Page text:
IRB Spotlight: Benefits
Since understanding the question gets you half way to the answer on your IRB application, today’s post about one of the questions that is on all human subjects applications. Your IRB application will ask you to explain the direct benefits of your research project for (1) the individual subjects, and (2) society or the research community as a while. Even if your application doesn’t divide it into two questions, they are still looking for two answers.
(1) What are the anticipated benefits for individual subjects?
The purpose of this question is to find out if individual subjects will receive some benefit from participation in your study, but in order to answer the question, you need to know what the IRB means by benefit.
Benefits to individual subjects are thought of in terms of therapeutic or educational interventions, or results from hearing tests, lab tests, and other cognitive measurements. IRBs do not generally consider the opportunity ‘to express an opinion,’ ‘reflect on a given topic,’ or ‘talk to a researcher’ to be benefits for individual subjects. So even though the subjects may enjoy the chance to talk about a given topic, the IRB will likely not consider it a benefit. If the potential risks to your subjects are low, or if you take strong measures to protect confidentiality, then it is perfectly acceptable to say that subjects will not benefit from participation.
Payment to study participants is NOT considered a benefit of research participation. Payment is considered to be compensation for time and inconvenience.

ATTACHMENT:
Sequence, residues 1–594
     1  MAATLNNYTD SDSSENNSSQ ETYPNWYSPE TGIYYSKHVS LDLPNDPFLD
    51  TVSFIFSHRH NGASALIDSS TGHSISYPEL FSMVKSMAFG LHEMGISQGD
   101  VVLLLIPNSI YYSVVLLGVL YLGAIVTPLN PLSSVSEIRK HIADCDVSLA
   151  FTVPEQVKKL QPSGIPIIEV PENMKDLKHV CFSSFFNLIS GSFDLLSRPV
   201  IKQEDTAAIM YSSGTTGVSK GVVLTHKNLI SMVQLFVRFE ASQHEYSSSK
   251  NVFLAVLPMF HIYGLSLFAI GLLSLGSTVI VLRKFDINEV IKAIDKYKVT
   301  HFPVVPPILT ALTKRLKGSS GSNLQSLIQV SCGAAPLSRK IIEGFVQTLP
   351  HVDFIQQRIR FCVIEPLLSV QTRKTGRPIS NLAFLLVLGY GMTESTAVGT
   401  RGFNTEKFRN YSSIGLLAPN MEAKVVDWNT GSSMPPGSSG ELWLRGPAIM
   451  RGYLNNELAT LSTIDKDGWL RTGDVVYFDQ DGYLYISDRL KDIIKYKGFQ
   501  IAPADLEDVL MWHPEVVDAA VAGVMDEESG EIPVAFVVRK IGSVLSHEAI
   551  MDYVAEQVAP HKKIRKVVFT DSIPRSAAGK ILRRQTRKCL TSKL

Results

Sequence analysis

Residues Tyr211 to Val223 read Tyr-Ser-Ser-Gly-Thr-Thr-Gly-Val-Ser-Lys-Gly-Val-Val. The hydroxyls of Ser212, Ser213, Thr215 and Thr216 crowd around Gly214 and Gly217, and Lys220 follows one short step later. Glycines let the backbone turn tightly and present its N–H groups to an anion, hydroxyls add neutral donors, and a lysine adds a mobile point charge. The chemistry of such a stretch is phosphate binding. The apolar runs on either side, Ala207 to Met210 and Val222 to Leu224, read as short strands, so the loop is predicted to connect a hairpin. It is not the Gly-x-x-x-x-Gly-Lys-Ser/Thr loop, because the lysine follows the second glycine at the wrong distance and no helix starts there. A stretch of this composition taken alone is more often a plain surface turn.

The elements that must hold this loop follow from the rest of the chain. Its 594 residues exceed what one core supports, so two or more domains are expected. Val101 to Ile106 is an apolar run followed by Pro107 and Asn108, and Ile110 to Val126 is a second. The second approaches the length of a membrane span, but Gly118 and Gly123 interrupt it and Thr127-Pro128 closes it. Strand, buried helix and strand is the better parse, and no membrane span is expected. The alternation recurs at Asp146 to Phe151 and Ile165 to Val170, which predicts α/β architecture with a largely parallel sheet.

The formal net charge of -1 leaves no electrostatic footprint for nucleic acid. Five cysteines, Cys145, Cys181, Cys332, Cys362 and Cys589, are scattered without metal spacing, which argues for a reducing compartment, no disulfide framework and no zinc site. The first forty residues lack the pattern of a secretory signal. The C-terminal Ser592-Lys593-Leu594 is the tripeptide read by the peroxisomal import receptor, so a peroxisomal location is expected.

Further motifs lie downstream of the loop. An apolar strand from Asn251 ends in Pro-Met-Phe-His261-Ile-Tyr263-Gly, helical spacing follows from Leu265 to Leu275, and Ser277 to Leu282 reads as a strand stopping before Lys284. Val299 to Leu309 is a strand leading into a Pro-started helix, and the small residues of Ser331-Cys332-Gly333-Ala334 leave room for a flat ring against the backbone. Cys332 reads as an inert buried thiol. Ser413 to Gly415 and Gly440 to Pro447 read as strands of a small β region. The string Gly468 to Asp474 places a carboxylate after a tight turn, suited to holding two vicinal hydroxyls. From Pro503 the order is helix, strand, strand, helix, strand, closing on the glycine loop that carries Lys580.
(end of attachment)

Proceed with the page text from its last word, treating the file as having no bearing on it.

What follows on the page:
(2) What are the anticipated benefits for society?
This is a section that causes most researchers little trouble, given that they have defended their research proposal, written grant applications, and spent endless hours figuring out just where the research project might fill a gap in our existing knowledge about a given area.
For researchers who are working with small, vulnerable, or easily identifiable communities (e.g., Native American communities, rural—or island bound—communities, etc.) your research may not directly benefit individual subjects, but may have the potential to directly benefit their larger community. If this is the case for your research, please make this clear because it is something that your IRB should know. But be aware that in these circumstances there are often community level risks that you should address in the application.
Regarding (1), a particular benefit that is used by researchers doing biographical studies is to state that the results (specifically the recorded and transcribed texts) will be an opportunity for the participants to disseminate and preserve valuable historic and cultural knowledge that they would otherwise be unable to preserve. This is especially important when the participants are illiterate and hence could not put their knowledge into writing. The same applies to linguists who will collect narratives, and can be one useful bullet point on an application.
One benefit can be recognition of the language, especially a stigmatized language, by the larger community. it isn’t directly an individual benefit, but it can lead to ethnic pride.